Controversial CETA trade deal blocked

24 October 2016 - 12:30pm
Press release

In an embarrassing defeat for the European Commission, controversial EU-Canada trade deal CETA has been blocked today (Monday), placing the entire EU trade agenda in jeopardy.

Canada and the EU have been desperately trying to force a conclusion to the deal in the face of strong opposition in Belgium, where four out of five regional governments are opposed to the deal, echoing concerns in other member states. However, last minute talks have failed with Belgium declaring that it cannot sign the deal and the chair of the EU's trade committee admitting that: "CETA has failed."

It is now expected that Canadian prime minister Justin Trudeau will cancel a trip to Brussels, where he was due to sign CETA on October 27.

War on Want senior trade campaigner Mark Dearn said:

It is clear that with the failure to secure CETA, the EU’s trade agenda is in shreds. However, the blame lies with the European Commission’s high-handed and secretive approach to its trade deals, rather than the wholly valid concerns of Belgium’s regional governments.

CETA is anything but a ‘progressive’ trade deal – in a killer blow to the fight against climate change, CETA has secured the importing of high-polluting tar sands oil from Canada, while it also threatens growth, job losses and declining trade between EU countries.

CETA is the last thing Europe or the rest of the world needs right now.”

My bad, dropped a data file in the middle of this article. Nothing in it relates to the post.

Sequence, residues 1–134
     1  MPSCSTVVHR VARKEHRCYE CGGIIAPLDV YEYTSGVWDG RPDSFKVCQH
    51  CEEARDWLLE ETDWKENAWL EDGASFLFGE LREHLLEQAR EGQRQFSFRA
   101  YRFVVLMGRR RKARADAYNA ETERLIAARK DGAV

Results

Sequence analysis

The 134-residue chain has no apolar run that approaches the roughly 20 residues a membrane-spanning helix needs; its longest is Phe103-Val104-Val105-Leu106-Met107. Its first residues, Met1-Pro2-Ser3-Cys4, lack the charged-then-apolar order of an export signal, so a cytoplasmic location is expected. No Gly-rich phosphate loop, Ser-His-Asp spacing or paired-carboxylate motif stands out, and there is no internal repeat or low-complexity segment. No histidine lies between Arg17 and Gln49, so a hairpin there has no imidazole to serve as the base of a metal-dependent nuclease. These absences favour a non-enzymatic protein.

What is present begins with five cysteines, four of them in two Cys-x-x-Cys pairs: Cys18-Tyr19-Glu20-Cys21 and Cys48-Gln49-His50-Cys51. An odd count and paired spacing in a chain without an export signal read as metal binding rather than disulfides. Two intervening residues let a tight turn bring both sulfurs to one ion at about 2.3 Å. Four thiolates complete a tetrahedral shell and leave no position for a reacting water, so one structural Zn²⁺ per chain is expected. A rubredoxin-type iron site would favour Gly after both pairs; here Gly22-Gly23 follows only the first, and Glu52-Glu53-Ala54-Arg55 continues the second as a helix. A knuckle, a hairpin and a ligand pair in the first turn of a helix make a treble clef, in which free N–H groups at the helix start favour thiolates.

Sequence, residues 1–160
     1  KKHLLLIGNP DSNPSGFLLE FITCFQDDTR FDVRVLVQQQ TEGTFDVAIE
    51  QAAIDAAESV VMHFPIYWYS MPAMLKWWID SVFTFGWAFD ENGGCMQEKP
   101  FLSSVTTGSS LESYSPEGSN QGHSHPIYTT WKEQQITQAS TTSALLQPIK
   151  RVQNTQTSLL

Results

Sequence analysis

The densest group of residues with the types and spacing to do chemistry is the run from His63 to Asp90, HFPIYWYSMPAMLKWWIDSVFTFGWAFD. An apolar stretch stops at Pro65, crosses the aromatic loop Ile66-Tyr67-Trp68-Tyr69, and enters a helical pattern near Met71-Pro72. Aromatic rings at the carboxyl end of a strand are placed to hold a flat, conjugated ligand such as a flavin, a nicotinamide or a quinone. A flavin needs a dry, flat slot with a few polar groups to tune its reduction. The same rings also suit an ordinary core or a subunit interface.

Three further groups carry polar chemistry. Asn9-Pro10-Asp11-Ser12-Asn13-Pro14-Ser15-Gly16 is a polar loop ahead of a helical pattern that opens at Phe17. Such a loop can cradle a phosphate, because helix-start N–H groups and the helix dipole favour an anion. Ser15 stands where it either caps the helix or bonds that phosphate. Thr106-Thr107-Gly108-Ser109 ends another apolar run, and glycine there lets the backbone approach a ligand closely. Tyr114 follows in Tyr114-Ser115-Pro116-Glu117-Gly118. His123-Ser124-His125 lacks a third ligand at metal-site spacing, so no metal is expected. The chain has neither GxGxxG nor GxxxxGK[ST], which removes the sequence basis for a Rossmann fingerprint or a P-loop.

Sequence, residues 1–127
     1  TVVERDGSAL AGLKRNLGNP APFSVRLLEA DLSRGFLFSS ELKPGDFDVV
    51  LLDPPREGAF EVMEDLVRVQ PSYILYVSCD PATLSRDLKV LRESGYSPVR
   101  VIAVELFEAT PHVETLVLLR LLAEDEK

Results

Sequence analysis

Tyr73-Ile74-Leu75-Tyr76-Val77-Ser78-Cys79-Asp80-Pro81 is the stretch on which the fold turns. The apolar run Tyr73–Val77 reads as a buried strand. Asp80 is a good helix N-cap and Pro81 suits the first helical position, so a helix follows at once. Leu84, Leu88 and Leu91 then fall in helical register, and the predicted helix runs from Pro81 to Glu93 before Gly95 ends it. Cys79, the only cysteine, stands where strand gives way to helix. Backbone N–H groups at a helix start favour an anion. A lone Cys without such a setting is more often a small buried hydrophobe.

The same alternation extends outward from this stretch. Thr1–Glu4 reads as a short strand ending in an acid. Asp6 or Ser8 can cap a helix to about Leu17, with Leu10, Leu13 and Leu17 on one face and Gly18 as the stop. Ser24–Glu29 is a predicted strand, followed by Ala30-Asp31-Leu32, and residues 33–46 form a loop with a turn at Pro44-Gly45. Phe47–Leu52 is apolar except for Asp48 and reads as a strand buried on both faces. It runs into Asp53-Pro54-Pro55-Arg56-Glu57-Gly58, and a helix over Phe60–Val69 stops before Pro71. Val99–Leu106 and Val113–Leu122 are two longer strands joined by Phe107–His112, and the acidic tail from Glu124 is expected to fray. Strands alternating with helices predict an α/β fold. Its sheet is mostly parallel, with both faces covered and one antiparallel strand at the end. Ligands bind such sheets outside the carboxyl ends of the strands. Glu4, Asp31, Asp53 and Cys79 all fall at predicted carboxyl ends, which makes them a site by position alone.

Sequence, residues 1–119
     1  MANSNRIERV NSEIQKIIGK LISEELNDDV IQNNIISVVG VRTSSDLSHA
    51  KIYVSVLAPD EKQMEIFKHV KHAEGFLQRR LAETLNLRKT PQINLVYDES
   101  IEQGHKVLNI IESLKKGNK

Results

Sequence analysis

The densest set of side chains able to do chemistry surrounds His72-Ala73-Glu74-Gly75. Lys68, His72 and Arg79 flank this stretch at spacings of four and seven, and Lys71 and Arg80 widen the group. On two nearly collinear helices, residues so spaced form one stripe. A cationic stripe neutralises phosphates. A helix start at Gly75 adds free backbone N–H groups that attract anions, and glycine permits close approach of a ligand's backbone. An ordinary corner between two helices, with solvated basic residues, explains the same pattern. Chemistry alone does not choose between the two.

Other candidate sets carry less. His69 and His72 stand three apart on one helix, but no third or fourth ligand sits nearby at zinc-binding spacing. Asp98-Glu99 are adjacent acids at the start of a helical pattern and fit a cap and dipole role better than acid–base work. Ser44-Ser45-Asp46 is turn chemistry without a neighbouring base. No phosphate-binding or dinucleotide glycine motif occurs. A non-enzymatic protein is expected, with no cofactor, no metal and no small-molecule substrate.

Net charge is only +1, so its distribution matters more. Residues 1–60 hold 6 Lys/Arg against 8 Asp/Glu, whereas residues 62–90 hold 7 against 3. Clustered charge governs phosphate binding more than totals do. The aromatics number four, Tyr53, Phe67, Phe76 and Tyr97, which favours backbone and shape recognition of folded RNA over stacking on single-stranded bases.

In Belgium, only the federal government and Flemish regional government support the pact – Wallonia is joined in its opposition to CETA by the governments of the Brussels-Capital region and the French Community.

Wallonia raised questions about CETA to the European Commission more than a year ago, but never heard back.

The region was then given one week to analyse a ‘declaration’ prepared by the Commission, Canada and EU Member States, which was created after EU trade committee MEPs criticised flaws in the text, highlighting public services, workers’ rights and the ISDS/ICS ‘corporate court’ mechanism. However both sides refuse to reopen the text of CETA.

André Antoine, the speaker of the Walloon parliament, told journalists today that Wallonia wanted “transparency and democracy to be respected” in negotiations. On Sunday, Paul Magnette, Wallonia’s minister-president, said that the EU’s ultimatum was “not compatible with the exercise of democratic rights.”

Over the weekend, the President of the European Parliament, Martin Schulz MEP – who led controversial manoeuvres to force a TTIP resolution through the European Parliament last year - convened emergency meetings with Canada and the Walloon government in an effort to save CETA.

Schulz told journalists: “We can’t stop at the last mile.” However, as CETA has been classed a “mixed treaty” it must still pass through ratification in the European Parliament and then national parliaments.

Editors notes

For further information and interviews, contact Mark Dearn on +44 7804 289680 or Ross Hemingway on +44 7983 550728

CETA and tar sands oil: http://www.huffingtonpost.com/mark-dearn/trade-deal-predicted-to-s_b_12134140.html

Walloons speak out against anti-democratic approach: http://www.politico.eu/pro/wallonia-rejects-eu-canada-trade-deal-ultimatum/

Belgium can not sign CETA (French): http://www.lesoir.be/1350551/article/actualite/belgique/politique/2016-1...

Martin Schulz - “we can’t stop at the last mile”: http://www.politico.eu/article/martin-schulz-in-last-ditch-effort-to-save-ceta-talks/

Bernd Lange - "CETA has failed": https://twitter.com/berndlange/status/790541075102531584 

Divided MEPs pass controversial TTIP resolution: http://www.waronwant.org/media/divided-meps-pass-controversial-ttip-resolution

Study from Tufts University on the economic impact of CETA on Europe:http://www.ase.tufts.edu/gdae/policy_research/ceta_simulations.html

 

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